Classic short stories from a master of American fiction exploring relationships, war, and sportsmanship.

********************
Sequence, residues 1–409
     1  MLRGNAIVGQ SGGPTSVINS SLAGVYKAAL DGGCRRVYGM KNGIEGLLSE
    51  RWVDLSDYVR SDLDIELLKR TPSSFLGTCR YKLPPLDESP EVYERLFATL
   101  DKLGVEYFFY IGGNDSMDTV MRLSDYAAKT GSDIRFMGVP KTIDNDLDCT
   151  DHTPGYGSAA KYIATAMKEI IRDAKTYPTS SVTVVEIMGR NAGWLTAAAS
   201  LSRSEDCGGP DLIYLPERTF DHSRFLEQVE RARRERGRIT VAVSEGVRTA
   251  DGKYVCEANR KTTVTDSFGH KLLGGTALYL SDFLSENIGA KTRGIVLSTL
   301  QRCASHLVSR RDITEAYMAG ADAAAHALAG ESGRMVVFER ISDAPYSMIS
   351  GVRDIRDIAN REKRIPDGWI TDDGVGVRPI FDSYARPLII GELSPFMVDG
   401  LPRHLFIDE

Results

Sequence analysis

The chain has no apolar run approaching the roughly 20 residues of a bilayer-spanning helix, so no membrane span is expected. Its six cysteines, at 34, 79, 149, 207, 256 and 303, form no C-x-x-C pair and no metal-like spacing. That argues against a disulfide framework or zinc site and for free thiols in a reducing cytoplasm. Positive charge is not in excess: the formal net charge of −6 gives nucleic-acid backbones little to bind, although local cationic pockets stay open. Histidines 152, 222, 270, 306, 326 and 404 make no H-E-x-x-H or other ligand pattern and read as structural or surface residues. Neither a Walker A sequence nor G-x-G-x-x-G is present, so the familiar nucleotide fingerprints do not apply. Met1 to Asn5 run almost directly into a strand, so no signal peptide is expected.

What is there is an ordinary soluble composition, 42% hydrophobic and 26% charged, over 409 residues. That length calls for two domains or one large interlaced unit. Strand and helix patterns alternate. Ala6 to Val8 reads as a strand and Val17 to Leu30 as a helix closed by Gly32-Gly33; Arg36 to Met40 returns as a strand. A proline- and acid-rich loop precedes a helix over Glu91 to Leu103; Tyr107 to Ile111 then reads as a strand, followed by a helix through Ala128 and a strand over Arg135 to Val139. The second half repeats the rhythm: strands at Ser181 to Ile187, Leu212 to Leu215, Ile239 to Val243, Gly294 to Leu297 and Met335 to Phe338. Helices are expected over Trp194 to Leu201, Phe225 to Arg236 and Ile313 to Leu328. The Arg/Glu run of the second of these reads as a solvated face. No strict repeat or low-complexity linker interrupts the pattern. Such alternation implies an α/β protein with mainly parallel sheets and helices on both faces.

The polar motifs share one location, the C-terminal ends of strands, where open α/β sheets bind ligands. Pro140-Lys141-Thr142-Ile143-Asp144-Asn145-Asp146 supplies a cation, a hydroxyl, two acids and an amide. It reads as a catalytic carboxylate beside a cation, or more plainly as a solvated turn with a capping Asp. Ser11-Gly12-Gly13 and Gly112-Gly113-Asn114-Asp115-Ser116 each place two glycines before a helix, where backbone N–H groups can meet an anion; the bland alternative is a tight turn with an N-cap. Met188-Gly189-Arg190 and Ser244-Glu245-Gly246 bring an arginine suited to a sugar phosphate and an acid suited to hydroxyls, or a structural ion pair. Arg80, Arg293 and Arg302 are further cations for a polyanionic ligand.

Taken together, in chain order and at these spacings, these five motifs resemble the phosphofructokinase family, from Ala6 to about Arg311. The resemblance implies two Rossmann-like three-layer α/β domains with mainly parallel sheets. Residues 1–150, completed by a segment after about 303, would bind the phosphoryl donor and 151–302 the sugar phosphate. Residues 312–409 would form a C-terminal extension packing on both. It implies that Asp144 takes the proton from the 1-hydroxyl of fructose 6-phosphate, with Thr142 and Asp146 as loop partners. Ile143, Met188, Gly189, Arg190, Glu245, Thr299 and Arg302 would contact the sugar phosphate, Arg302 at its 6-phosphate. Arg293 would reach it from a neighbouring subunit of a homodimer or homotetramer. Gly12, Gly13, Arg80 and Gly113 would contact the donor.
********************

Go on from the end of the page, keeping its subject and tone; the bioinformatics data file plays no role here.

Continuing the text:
First published in 1927, Men Without Women represents some of Hemingway’s most important and compelling early writing. In these fourteen stories, Hemingway begins to examine the themes that would occupy his later works: the casualties of war, the often-uneasy relationship between men and women, sports and sportsmanship. “In Another Country” tells of an Italian major recovering from war wounds as he mourns the untimely death of his wife. “The Killers” is the hard-edged story about two Chicago gunmen and their potential victim. Nick Adams makes an appearance in “Ten Indians,” in which he is presumably betrayed by his girlfriend, Prudence. And “Hills Like White Elephants” is a young couple’s subtle, heart-wrenching discussion about the future. Pared down, gritty, and subtly expressive, these stories show the young Hemingway emerging as one of America’s finest short story writers.